Discover the top of Japanese names
Did you know that Japan has about 100,000 family names, and probably just as many given names? Thanks to the wonders of Japanese characters, Japanese names are quite interesting to learn. They are a door to Japanese culture, history and traditions and studying them is a very good way to steady your knowledge of kanji through grasping their meanings and readings. Many have experienced that stressful moment of not being able to comprehend fully when hearing a foreign name, and we believe that getting to know the top Japanese names will help you better remember the names of the people you will meet in Japan!
You already may know which Japanese names are frequent in Japan, a quick look into the numerous Japanese language books made so far can lead to you having a pretty good idea. In the top five most commonly occurring name in Japan, we have “Satou” in the first position with 2 million people having the name, followed by “Suzuki”, “Takahashi”, “Tanaka” and “Watanabe”!
Some Japanese names can be written with various kanji with the same reading or… on the contrary, read differently with the same kanji! Whereas “Satou” and “Tanaka” are always written “佐藤” and “田中”, “Watanabe” can have several kanji combinations for the second part of the name (nabe): 渡部, 渡邊 … “Satou” can also be read as “sadou”, “sato”, “saitou” etc. . Most of the family names go back centuries and have great histories behind them. To know more about “satou” we recommend you read this great article about how it became the number 1 of Japanese names.
For Japanese parents, choosing their child’s name can be a tricky question, as they must pay attention to a lot of details among which:
1) the number of kanji in the family and given name
2) the number of strokes in the family and given name’s kanji
3) the association of the kanji and reading.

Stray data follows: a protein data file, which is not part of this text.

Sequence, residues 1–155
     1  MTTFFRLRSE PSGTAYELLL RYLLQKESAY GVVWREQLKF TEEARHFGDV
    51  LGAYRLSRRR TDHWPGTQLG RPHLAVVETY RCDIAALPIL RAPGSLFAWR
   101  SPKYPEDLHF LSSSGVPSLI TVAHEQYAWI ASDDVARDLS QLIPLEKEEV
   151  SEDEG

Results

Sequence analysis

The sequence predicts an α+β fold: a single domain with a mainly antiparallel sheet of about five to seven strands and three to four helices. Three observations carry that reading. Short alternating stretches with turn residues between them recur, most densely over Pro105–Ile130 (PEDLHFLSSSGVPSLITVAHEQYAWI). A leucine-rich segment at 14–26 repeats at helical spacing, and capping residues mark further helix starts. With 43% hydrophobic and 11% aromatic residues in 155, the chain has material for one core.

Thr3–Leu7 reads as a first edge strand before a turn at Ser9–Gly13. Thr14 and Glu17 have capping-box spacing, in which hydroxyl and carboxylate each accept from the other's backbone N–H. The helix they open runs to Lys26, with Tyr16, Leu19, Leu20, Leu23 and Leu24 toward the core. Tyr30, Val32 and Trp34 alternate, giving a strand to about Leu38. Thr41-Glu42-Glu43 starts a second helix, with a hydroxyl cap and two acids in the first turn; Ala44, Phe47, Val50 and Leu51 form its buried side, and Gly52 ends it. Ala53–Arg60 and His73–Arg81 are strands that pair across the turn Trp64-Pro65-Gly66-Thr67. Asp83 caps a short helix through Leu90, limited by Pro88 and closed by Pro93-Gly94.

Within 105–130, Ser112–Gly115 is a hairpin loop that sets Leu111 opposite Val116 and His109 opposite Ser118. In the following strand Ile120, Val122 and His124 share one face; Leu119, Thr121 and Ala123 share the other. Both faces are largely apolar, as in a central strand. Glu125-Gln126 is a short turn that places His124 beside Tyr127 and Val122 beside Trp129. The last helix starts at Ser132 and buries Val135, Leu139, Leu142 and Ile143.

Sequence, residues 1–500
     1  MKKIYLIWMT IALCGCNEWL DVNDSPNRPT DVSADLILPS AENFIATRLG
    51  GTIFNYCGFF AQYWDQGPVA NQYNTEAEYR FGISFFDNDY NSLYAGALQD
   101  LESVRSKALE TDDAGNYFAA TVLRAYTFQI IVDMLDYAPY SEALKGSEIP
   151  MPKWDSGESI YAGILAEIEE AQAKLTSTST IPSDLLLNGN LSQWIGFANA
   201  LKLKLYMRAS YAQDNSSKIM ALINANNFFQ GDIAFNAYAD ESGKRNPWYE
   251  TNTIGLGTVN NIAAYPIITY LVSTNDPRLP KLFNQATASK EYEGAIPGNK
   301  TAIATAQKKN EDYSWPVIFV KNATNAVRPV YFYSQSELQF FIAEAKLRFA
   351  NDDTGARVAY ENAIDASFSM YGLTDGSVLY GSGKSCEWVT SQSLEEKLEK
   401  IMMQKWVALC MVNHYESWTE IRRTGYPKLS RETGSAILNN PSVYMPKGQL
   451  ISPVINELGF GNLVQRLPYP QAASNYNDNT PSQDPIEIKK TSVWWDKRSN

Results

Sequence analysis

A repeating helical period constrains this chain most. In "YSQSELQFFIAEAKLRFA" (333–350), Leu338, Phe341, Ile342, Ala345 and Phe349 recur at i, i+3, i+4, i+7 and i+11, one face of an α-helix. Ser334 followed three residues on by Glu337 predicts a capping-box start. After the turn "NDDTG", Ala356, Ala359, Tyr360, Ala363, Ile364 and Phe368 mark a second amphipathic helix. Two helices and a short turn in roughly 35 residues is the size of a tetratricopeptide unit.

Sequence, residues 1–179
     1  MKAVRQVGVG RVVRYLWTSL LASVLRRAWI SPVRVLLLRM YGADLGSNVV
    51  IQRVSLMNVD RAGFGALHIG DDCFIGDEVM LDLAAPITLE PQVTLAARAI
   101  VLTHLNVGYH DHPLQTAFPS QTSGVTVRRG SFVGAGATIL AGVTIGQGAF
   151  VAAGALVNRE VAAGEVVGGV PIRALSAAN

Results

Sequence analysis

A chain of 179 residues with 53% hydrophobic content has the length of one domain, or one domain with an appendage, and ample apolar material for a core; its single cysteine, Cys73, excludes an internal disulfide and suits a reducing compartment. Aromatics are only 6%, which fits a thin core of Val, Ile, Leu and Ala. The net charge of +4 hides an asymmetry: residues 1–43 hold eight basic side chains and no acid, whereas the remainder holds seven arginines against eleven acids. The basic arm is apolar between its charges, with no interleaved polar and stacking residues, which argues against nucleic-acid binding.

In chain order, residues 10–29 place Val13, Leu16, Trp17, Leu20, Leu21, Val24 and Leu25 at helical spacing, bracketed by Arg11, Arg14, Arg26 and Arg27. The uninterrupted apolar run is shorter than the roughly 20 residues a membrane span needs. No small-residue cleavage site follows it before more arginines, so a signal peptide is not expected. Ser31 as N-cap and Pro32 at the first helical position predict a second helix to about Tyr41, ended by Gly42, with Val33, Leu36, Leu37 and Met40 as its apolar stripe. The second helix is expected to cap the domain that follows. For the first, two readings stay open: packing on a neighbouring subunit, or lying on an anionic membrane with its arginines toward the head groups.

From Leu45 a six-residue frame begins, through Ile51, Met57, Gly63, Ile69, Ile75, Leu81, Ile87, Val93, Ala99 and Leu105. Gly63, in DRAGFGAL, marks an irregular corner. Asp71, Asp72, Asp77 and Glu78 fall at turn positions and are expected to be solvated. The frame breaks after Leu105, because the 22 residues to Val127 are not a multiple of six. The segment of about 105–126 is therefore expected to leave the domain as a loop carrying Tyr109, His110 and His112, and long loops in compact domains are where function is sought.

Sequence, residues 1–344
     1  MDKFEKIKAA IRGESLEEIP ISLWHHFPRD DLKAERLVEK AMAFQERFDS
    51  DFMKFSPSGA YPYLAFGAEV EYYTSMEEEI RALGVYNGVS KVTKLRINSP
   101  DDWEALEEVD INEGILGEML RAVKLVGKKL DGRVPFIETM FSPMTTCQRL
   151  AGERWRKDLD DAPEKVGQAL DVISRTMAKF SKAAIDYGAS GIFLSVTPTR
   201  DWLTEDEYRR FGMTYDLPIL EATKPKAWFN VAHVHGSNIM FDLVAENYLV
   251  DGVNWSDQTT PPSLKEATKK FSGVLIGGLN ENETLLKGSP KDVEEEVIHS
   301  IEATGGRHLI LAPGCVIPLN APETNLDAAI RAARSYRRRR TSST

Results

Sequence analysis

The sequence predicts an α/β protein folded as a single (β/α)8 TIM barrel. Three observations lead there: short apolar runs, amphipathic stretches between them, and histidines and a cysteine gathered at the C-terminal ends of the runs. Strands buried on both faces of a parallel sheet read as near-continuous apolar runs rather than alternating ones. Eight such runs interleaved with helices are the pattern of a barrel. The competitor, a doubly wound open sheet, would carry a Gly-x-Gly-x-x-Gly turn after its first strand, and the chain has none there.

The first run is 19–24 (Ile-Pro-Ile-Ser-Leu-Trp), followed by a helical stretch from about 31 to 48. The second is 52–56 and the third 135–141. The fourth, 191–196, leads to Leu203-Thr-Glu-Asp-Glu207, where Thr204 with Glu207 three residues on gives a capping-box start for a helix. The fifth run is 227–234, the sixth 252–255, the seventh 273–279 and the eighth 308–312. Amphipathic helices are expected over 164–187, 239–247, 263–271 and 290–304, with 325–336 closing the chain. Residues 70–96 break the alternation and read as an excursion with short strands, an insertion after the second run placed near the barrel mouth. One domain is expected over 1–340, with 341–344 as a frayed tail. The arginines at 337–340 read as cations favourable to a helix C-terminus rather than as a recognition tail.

4) the given name’s luck
The last point is very interesting, some Japanese people believe that certain given names can have a positive influence on the child’s life. Some of them bring very good luck, some only a normal amount of luck, and the rest… well, they are average. This task is sometimes so overwhelming for families, that they will ask Buddhist monks to choose a name for them accordingly. Japanese parents have just recently began to decide their child’s names by looking at baby name lists and picking a popular one. At the top of these lists, you can often find the same “name” written differently using various characters.
Let’s take a quick look at last year’s trending names for girls and boys!
- Hana (花)
- Himari (陽葵)
- Sakura (さくら)
- Akari (あかり)
- Honaka (穂香)
- Sota （颯太）
- Haruki (悠希)
- Sosuke (奏介)
- Yuito (結翔)
- Riku (陸)
- Yuki (悠希)
- Hinata (陽向)
Fun facts about Japanese names!
- In the past, many girls’ names ended in “ko” (which means child in Japanese), the trend has since shifted to “ka” and “na”.
- For a long time, the name chosen by the imperial family to their children greatly influenced Japanese people, who would name their kids with the same given names!
- Some parents choose deliberately to name their baby girl with a name written with no kanji. A name written in hiragana is said to be softer.
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